The link between cigarette smoking and lung cancer was difficult to prove in the United States for decades. Although litigants attempted to attack the tobacco companies over the years with lawsuits alleging bad faith marketing practices targeting children, African-Americans, and urban youth — as well as on behalf of the countless individuals who died as a result of smoking — it was not until 1998 when the courts finally admitted the causal link between cigarette smoking and lung cancer in what is known as the Master Settlement Agreement.
Before reaching the point where tobacco companies agreed that the link between their product and cancer existed — and was knowledge that they suppressed for years — there were several key lawsuits that shaped the way cigarettes were bought, sold, and marketed. These three cases in particular shaped the relationship between consumers and tobacco products.
State of New York $92 Million Settlement Order
A federal panel awarded $92 million to the State of New York under the terms of the 1998 Master Settlement Agreement (MSA). The award relates to the sale of untaxed cigarettes on Native American reservations in 2003. The tobacco companies claimed that untaxed cigarettes sold on reservations were not subject to the terms of the MSA, which brought a share of the $206 billion Big Tobacco agreed to pay to states over 25 years in order to offset Medicaid costs.
Rose Cipollone versus Liggett Group
Prior to the 1990s and the MSA, a smoker by the name of Rose Cipollone successfully sued tobacco maker Liggett Group over claims that their product were the cause of her cancer. Cipollone further claimed that the tobacco maker was aware of the health risks their product caused, and continued to market cigarettes without labeling those risks. Cipollone, who died in 1983, prevailed in trial court, winning a judgment award of $400,000.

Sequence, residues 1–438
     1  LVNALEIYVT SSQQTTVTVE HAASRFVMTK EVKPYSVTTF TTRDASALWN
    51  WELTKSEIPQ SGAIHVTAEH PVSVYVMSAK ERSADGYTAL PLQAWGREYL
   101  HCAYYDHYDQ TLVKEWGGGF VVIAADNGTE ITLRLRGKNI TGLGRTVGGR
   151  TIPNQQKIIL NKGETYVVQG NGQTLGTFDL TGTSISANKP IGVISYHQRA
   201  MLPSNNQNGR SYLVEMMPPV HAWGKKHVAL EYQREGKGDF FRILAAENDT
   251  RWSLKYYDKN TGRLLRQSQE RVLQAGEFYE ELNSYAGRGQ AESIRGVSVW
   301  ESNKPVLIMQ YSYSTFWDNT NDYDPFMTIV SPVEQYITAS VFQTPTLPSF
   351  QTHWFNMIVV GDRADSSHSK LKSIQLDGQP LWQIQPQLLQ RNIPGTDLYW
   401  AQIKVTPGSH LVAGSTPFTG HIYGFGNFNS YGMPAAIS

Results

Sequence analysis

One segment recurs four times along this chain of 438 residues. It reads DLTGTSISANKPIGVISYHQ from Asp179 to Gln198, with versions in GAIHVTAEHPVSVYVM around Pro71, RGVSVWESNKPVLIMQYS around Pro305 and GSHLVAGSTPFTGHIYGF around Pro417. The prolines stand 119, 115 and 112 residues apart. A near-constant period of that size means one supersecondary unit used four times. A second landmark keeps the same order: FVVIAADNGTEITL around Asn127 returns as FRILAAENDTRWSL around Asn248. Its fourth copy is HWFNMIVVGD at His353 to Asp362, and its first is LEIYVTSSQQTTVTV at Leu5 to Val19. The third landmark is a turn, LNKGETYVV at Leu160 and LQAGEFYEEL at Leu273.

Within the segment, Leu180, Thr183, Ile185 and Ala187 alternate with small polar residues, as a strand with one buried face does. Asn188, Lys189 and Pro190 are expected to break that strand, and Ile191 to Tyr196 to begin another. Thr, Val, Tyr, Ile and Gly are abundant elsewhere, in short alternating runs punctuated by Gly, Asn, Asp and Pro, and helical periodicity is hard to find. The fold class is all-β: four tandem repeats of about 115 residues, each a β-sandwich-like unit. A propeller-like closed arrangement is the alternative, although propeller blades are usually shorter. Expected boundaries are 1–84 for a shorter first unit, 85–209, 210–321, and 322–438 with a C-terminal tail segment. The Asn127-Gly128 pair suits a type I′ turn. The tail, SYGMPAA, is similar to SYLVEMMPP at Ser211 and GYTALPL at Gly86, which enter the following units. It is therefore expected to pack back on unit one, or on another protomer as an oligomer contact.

The U.S. Court of Appeals overturned the award through appeal in 1990, although the court provided some opportunity for Cipollone’s estate to challenge the ruling based on the fact that her smoking predated the 1966 Federal Cigarette Labeling and Advertisement Act and the Cigarette Labeling and Advertising Act of 1969. The Supreme Court finally ruled in 1992 that the 1969 Act preempted claims of failure to warn by the tobacco companies.
Discount Tobacco City & Lottery, et al. v. United States, et al.
The tobacco industry pushed back against restrictions it felt hampered their ability to advertise cigarette products in Discount Tobacco City & Lottery, et al. v. United States, et al., Nos. 10-5234/5235. The U.S. Court of Appeals for the Sixth District decided the case on March 19, 2012. The issues related to restrictions on the tobacco industry’s First Amendment rights evolved from passage of the Family Smoking Prevention and Tobacco Control Act of 2009. The law gave the Food and Drug Administration the authority to regulate cigarettes and other tobacco products.
The court affirmed a lower court’s decision that the restrictive measures within the Tobacco Control Act at issue did not constitute a violation of the company’s first amendment right to free speech. This includes prohibitions on sponsorships of social, musical, and similar events, the distribution of items with tobacco company logos and limitations on audio ads produced.
Connor Linde is a freelance legal blogger focusing on Personal Injury, Wrongful Death, Business Law, Insurance Claims, Financial Regulation and other areas as well.
Image credit goes to austin_squire.